This restored historic neighbourhood backs on to the southern-most stretch of the city wall, and offers a number of traditional vendors selling hearty beef dumplings, freshly roasted Nanjing duck and duck fat ‘shaobing’ bread.

See more of my Nanjing photos here

China's Best Boutique Hotels by Thomas O'Malley

I wrote this piece for the launch issue (December 2012) of Higher View Magazine, for China Eastern Airlines. A year (and a bit) is too long to expect a round-up of China's best boutique hotels to remain the same. For starters, here are two boutique hotels I've discovered since that would certainly have made the cut:

The Temple Hotel, Beijing

I wrote a 'first-look' review of this property here, part luxury heritage hotel, part contemporary art piece, part living archeology. Here's a taste:

"Over 600 years in the making, The Temple Hotel Beijing is at long last rolling out the red welcome mat. A beguiling combination of boutique luxury and ancient temple architecture, is this Beijing’s most exciting hotel opening, like, ever? Read on and find out."

Pig's Heaven Inn, Annhui

Nestled in a heritage village within range of Yellow Mountain, this was a more recently discovery I made when researching the Anhui chapter for the Fodor's 8th Edition China Guidebook. Here's my book entry:

"Wake to the crowing of roosters in this 400-year-old stone house on the fringes of Xidi, a village an hour's drive from Tunxi. Opened by a Shanghai artist who scoured the surrounding villages for curios, it's a rare chance to experience ancient village life—without giving up air-conditioning and Internet access, of course. The staff prepares tasty home-style meals for lunch and dinner using whatever's in season. A driver is on hand for local tours, airport pick-ups, and trips to Huangshan, making this a good base for exploring the area. A second, larger location is a 10-minute drive away."

The other point about the Boutique Hotel article is that only six of the ten venues I wrote up made it into the final piece. So in the interests of posterity and to give those four other venues their dues, here they are:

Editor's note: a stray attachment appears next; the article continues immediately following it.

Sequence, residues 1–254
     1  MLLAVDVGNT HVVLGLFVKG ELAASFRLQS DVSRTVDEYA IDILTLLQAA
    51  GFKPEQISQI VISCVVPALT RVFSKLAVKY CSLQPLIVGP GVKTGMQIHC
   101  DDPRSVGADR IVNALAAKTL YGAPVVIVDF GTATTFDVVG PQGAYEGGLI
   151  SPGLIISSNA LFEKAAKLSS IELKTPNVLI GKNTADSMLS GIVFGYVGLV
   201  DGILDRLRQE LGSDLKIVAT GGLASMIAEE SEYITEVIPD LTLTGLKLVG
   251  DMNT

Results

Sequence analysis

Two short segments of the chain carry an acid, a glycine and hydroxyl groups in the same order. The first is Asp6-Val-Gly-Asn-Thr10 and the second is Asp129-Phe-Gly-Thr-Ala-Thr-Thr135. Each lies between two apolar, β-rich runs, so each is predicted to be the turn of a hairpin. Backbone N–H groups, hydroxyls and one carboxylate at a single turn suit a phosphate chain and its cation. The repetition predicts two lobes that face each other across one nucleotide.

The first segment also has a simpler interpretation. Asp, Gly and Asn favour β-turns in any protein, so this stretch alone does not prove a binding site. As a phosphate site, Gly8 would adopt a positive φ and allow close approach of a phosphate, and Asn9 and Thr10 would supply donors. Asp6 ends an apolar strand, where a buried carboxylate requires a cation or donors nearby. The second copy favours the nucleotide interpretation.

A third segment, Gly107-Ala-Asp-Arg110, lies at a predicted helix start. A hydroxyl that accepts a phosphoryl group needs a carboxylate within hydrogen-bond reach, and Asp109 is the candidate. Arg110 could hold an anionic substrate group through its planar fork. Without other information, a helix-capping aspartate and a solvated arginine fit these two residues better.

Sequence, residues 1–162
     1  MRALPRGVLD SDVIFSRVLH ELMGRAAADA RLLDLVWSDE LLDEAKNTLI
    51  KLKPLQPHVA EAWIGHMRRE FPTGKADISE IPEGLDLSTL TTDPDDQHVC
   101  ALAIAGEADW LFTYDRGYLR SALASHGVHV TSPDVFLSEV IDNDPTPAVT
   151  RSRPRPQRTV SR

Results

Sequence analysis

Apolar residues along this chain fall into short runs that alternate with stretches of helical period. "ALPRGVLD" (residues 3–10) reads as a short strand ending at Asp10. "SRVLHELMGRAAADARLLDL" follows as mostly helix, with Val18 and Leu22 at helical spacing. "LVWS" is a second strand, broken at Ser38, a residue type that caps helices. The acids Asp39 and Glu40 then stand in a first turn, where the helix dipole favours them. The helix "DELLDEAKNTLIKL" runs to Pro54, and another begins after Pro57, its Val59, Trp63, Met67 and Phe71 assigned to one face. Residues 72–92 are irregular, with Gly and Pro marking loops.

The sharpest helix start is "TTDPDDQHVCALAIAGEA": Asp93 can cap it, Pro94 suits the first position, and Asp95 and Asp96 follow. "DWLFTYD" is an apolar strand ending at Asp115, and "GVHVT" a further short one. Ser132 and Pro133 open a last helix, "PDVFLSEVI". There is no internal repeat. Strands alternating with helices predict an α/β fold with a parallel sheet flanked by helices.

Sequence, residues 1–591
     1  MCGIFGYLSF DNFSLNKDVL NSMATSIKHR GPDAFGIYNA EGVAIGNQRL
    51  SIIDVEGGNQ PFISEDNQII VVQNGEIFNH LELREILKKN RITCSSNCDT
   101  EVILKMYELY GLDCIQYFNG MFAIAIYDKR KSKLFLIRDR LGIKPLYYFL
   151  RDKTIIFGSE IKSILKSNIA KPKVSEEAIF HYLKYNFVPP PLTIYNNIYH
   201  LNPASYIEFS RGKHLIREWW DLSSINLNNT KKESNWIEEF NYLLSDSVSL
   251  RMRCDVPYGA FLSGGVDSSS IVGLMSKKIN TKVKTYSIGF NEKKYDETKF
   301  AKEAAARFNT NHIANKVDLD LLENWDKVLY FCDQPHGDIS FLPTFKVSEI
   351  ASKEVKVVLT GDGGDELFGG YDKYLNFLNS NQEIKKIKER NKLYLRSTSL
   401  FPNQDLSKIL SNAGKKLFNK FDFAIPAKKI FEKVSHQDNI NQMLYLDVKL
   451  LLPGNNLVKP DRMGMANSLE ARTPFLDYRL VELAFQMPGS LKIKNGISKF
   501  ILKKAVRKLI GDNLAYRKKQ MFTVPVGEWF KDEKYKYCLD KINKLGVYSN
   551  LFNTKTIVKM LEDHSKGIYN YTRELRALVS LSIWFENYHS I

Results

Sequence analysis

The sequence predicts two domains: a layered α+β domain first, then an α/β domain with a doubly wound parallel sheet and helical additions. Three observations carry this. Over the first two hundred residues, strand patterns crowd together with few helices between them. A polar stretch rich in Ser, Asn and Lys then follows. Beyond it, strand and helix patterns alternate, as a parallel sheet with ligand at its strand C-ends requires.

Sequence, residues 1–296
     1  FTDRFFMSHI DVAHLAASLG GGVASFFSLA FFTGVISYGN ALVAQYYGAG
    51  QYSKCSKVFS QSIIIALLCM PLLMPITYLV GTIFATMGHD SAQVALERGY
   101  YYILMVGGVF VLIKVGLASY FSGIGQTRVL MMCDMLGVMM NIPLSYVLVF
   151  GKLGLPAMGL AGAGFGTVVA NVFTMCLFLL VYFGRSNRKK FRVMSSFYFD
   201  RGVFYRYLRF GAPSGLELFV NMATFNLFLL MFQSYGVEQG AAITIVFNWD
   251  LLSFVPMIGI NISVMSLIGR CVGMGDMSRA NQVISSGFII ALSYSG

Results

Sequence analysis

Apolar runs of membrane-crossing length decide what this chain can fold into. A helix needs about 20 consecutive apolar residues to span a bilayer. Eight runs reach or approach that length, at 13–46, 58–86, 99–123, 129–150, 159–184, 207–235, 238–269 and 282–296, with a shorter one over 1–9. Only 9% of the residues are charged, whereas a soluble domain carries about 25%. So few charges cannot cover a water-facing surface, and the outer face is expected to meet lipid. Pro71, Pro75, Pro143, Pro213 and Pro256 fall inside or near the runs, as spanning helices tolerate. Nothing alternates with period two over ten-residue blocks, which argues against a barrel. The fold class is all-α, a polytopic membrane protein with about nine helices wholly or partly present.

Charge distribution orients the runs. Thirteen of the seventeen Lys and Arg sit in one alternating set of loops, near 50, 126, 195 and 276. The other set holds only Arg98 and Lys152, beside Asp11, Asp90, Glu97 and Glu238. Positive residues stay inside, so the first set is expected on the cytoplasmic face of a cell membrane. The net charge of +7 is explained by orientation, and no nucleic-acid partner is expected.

The Orchid, Beijing

For an upmarket hotel, The Orchid is refreshingly down-to-earth. Billed as a ‘hostel for grown-ups’, communal breakfasts and weekly wine tastings on the garden terrace (free for guests) promote a convivial bonhomie, but you can always retire to the Zen-like surrounds of one of ten guest rooms, furnished with goose-down beds, rainforest showers and Apple TVs, some with cute private gardens and terrace space. The owners are fully clued-up on their thriving hutong neighbourhood, providing killer tips on local restaurants to aid your culinary explorations.

65 Baochao Hutong, Dongcheng District, Beijing, Rooms from 700 RMB

Grace Beijing

If contemporary art is your bag, this bijou bolthole sits within Beijing’s 798 Art District, ensconced by world-class galleries, art shops and style-conscious cafes. 30 guest rooms, from boxy singles to spacious suites, come with lofty ceilings, original Bauhaus windows (that open), luxury linen and lots of arty prints. Grace’s trademark service is VIP all the way: champagne at check-in, champagne at breakfast … you’ll do well to stay upright. So line your stomach with some of the terrific modern European fare at Yi House Bistro - they have a great two-course lunch deal, too.

Jiuxianqiao Road, 2 Hao Yuan, 798 Yishu Qu, Beijing, Rooms from 900 RMB

The Brickyard, Beijing

Beyond the chestnut orchards skirting this eco-conscious retreat, the Great Wall crowns the jagged peaks of precipitous mountains. It’s a glorious panorama you’ll rise early for, especially as curtains don’t figure in the Brickyard’s contemporary room design. Fashioned from a derelict glazed tile factory, the former kilns house the reception; nearby 18 newly built glass-fronted guest rooms with outdoor patios line up in awe of the ‘Mutianyu’ section of Wall. Delightfully manicured grounds enclose a pool, spa and al fresco yoga yard; all you need to work off the organic sausages and homemade blueberry muffins at breakfast.

Yingbeigou Village, Huairou District, Beijing, Rooms from 1,200 RMB

Homa Chateau Guilin 

*Since time of writing this place has been taken over by Club Med and it looks pretty impressive*